The structural role in the global economy of emerging markets outside of Asia is as a source of raw materials. Iron ore, wheat, beef, copper, coffee and oil flows from Africa, Latin America and the Middle East to the three industrialised regions of the world economy: North America, Europe and East Asia.
This has been the case for decades and in some cases centuries. It is a reality which makes it difficult for economies in these regions to grow quickly, alleviate poverty and not come under structural macroeconomic pressure during times of resource price weakness, like that which we have seen since 2014.
During that period, Brazil and South Africa suffered a similar combination of corruption scandals, power shortages and drought. Nigeria and Egypt were forced to abandon currency pegs in the wake of falling commodity prices. Argentina and Turkey have persisted with poor policy choices which have led to high inflation and risk of debt defaults. Russia entered a deep recession following the oil price crash.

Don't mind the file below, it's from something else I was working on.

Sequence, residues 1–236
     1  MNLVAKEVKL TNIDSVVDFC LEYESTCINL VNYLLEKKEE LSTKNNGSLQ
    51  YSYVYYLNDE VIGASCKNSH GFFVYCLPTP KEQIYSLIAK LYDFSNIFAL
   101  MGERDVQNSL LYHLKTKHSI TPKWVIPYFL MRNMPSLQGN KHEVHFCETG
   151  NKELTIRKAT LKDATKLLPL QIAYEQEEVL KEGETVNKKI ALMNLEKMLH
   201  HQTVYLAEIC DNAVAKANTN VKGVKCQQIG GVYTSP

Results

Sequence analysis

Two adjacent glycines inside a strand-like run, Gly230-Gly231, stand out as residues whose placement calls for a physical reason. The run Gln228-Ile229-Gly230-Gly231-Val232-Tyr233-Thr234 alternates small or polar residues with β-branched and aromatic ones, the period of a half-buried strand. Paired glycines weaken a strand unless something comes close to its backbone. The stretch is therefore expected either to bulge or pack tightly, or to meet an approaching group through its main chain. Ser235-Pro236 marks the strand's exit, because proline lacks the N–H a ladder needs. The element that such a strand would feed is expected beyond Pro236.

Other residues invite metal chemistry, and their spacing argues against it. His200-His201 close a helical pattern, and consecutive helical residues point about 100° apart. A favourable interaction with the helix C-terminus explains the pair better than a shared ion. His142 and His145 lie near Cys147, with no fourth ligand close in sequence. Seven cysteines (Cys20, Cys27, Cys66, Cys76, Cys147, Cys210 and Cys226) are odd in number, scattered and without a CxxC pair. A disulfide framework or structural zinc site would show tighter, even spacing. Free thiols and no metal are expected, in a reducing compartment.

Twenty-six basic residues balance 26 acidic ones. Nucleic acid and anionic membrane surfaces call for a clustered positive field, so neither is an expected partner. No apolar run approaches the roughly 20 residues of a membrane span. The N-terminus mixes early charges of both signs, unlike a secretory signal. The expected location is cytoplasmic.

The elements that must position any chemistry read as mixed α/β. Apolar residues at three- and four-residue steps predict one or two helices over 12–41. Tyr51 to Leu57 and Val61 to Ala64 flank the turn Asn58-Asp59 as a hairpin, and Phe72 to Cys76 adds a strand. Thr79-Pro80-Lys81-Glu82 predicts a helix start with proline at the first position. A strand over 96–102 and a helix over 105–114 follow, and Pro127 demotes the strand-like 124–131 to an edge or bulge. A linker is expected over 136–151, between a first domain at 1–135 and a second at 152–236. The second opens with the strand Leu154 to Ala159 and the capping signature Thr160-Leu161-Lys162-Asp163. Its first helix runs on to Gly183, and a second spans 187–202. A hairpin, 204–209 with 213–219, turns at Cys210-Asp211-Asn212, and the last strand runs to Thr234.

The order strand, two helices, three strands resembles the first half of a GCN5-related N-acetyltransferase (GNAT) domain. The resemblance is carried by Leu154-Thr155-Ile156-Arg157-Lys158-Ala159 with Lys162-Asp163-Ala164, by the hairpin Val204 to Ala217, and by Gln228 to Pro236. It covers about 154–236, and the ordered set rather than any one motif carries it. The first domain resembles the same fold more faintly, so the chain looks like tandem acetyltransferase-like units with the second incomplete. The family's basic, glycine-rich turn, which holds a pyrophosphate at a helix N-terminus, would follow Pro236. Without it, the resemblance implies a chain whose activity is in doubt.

Long before COVID-19, almost all major emerging markets outside of Asia had experienced recession in the last five years as a consequence of commodity price falls.
And in almost all cases, the release valve for these macroeconomic pressures has been through their currencies. Significant devaluation has been widespread outside of Asia, making attractive equity returns for hard currency investors tough to come by. The scale of these slides have meant that in many cases foreign investors have had to make well over 10% a year in local currency before breaking even in US dollars.
South African Rand
Source: S&P Capital IQ as of November 2020.
This creates an apparent dilemma for us as emerging markets investors who are passionate about sustainable development.